Each remodeled bomber in the fleet will be able to carry 84 general-purpose 500-pound bombs or 30 cluster bombs. When work is done, officials said, the B-1 will be able to hold enemy targets at risk in high-, medium-, and low-threat environments.

The budget also provides money to reclassify six inactive attrition-reserve aircraft to combat-coded status so that the Air Force can reactivate the B-1 squadron it shut down in 1995.

Longer term, the Air Force would increase the operational inventory of B-1Bs. Eighty-two of the bombers will have achieved this status by 2001, when enough modern weapons will be available.

Precision Weapons

Deployment of modern, precision guided munitions on front-line bomber and fighter aircraft figures prominently in the Air Force program. The Air Force plans to procure 76,183 advanced weapons of all types over the six-year period, at a cost of $4.4 billion. Even so, USAF will not have enough to meet its requirement.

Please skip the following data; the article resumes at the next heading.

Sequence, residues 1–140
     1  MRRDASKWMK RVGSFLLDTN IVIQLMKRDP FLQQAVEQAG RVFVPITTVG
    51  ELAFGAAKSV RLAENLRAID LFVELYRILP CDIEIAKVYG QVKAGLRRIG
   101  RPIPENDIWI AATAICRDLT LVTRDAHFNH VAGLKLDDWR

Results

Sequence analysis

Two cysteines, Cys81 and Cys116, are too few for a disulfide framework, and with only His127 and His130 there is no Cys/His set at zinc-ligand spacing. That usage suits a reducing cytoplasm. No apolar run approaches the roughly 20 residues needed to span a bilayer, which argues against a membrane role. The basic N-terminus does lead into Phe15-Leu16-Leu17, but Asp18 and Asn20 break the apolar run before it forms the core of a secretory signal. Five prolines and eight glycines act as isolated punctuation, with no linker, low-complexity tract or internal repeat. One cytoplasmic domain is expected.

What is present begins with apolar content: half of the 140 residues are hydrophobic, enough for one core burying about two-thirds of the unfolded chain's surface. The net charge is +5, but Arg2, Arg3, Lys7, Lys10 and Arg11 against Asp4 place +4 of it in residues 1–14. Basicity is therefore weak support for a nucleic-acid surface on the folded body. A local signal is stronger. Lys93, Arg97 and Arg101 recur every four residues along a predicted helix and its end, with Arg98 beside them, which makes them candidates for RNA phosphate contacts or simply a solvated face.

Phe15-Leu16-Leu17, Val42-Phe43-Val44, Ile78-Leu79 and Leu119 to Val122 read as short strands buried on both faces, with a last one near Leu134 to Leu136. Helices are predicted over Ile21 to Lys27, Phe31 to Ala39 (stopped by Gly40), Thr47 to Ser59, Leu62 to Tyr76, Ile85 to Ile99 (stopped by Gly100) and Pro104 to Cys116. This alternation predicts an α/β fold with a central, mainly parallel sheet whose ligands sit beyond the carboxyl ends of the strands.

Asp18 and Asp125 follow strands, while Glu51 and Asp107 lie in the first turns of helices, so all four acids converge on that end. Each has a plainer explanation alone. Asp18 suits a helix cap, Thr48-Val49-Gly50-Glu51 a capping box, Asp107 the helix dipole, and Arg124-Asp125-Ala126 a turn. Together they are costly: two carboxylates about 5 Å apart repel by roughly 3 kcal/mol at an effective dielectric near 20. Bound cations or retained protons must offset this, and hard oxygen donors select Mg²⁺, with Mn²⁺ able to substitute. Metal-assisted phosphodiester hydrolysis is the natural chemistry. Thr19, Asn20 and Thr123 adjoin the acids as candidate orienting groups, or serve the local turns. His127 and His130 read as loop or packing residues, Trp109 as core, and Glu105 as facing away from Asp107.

Under the current plan, the Air Force will begin equipping the B-1 fleet with the Joint Direct Attack Munition in 1999 and with the Joint Standoff Weapon, the Joint Air-to-Surface Standoff Missile, and the Wind-Corrected Munitions Dispenser by 2002.

USAF also has programmed the addition of these weapons to B-2 bombers, adding a formidable conventional mission capability to the stealth fleet. The aircraft will be able to attack almost any target, anywhere, anytime, said Air Force officers.

The fleet currently employs the Mk. 84, 2,000-pound unguided conventional munition. Later Block 20 aircraft carry the Global Positioning System-Aided Munition (GAM), an interim precision weapon demonstrated last year with great effect. Later B-2s will carry JDAM, JSOW, JASSM, and the GAM-113 hard-target penetration munition.

Specialized Aircraft

For theater operations, the Air Force has long maintained a broad array of specialized aircraft that perform critical functions–airborne warning and control, electronic warfare, air defense suppression, reconnaissance and surveillance, and the like.